At the turn of the millennium when New Orleans musician Freddie Ross started performing under the name Big Freedia, the odds of him catching a break outside the local scene were slim. Bounce music–the hyperkinetic, hypnotically repetitive style of dance music that he works in–was barely known beyond the city limits. Add to that the fact that he’s a gay black man who cultivates a deliberately gender-blurry identity, which at the time was an incredibly tough sell to a straight mainstream audience.
Fifteen years later, Freedia’s had the last laugh. His transcendently joyous performances have found him an audience that crosses all demographics and has made him a fixture on the festival circuit (even landing him a gig opening for the Postal Service on their reunion tour), and in 2013 he launched a reality show, Big Freedia: Queen of Bounce, that’s become one of the most popular programs on the Fuse network. He has a memoir, God Save the Queen Diva, due out in the summer. Meanwhile bounce music—and twerking, its signature dance move—thas snuck stealthily into the mainstream.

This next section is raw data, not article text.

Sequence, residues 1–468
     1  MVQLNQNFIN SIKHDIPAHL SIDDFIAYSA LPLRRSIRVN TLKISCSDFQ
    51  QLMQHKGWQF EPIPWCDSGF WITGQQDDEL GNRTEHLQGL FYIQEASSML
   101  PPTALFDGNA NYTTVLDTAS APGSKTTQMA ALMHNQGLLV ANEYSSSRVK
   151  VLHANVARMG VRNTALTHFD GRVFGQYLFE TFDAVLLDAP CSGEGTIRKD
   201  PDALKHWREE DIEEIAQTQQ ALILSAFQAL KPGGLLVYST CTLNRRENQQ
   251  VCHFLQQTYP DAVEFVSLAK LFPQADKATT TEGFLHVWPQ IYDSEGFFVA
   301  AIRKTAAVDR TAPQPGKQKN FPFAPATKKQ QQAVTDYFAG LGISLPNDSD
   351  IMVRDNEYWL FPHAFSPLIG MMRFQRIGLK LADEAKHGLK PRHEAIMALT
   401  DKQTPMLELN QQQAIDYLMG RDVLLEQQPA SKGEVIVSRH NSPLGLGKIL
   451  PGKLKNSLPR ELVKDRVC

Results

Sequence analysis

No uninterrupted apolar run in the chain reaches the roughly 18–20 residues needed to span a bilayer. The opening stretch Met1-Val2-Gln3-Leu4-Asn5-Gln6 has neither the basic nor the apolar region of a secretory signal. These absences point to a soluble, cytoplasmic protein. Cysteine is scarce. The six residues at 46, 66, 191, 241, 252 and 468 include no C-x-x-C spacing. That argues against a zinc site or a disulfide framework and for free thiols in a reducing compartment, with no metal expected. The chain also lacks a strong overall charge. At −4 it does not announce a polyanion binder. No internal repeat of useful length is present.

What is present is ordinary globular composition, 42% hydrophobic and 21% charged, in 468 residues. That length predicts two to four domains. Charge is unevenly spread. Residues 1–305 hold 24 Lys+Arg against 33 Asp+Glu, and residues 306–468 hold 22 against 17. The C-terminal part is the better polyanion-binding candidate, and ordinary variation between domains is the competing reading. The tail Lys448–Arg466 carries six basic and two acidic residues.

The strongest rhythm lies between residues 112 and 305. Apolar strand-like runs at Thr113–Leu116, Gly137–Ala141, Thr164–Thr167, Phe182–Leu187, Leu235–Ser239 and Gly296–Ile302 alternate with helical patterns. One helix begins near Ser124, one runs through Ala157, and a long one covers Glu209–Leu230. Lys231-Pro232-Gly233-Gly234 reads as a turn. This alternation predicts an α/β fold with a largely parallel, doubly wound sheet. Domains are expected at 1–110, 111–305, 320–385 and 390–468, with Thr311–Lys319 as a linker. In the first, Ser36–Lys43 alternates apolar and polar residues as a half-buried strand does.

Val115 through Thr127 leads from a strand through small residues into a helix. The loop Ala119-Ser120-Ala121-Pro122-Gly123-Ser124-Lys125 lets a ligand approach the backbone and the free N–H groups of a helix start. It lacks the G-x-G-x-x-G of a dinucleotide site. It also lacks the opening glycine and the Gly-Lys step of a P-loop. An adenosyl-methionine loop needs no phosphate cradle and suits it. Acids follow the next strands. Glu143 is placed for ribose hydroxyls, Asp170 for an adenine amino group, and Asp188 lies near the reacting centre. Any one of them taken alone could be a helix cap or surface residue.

Freedia credits his success to a relentless work ethic. “Consistency is the key,” he says, “know what I’m saying? I never gave up. Even in the clubs here in New Orleans, I was the one people saw every week, 24/7 on the clock, for years, for years, for years, for years, just really working and grinding. When I put my mind to it and said that this was gonna become a full-on career for me, I just gave my all and never stopped.”
The boundless, gleeful hedonism that Freedia whips up in his crowds is another key element. “I mean, I like a party,” he says. “I bring New Orleans wherever I go, and we party down here in New Orleans. So I just wanna have that feeling all over the world. And people love to party.”
Queen of Bounce’s third season, which kicked off this week, delves into more complex emotional territory, at least in part because Freedia’s mother recently passed away. “You’re definitely going to see a lot of interesting things this season,” he says. “A lot of drama, lots of laughter, lots of emotions. It was an emotional rollercoaster, definitely, for me, being that this tour was dedicated to my mom.”
Despite it all, Freedia remains indomitably positive. When asked what his biggest life goal is, he says it’s “to keep on encouraging people, and keep on inspiring, until my time is up. And definitely make sure that I leave the Big Freedia legacy, that it can carry on for generations. People can’t hold me down.”
Big Freedia: Queen of Bounce airs Wednesdays at 11 p.m. Eastern on Fuse.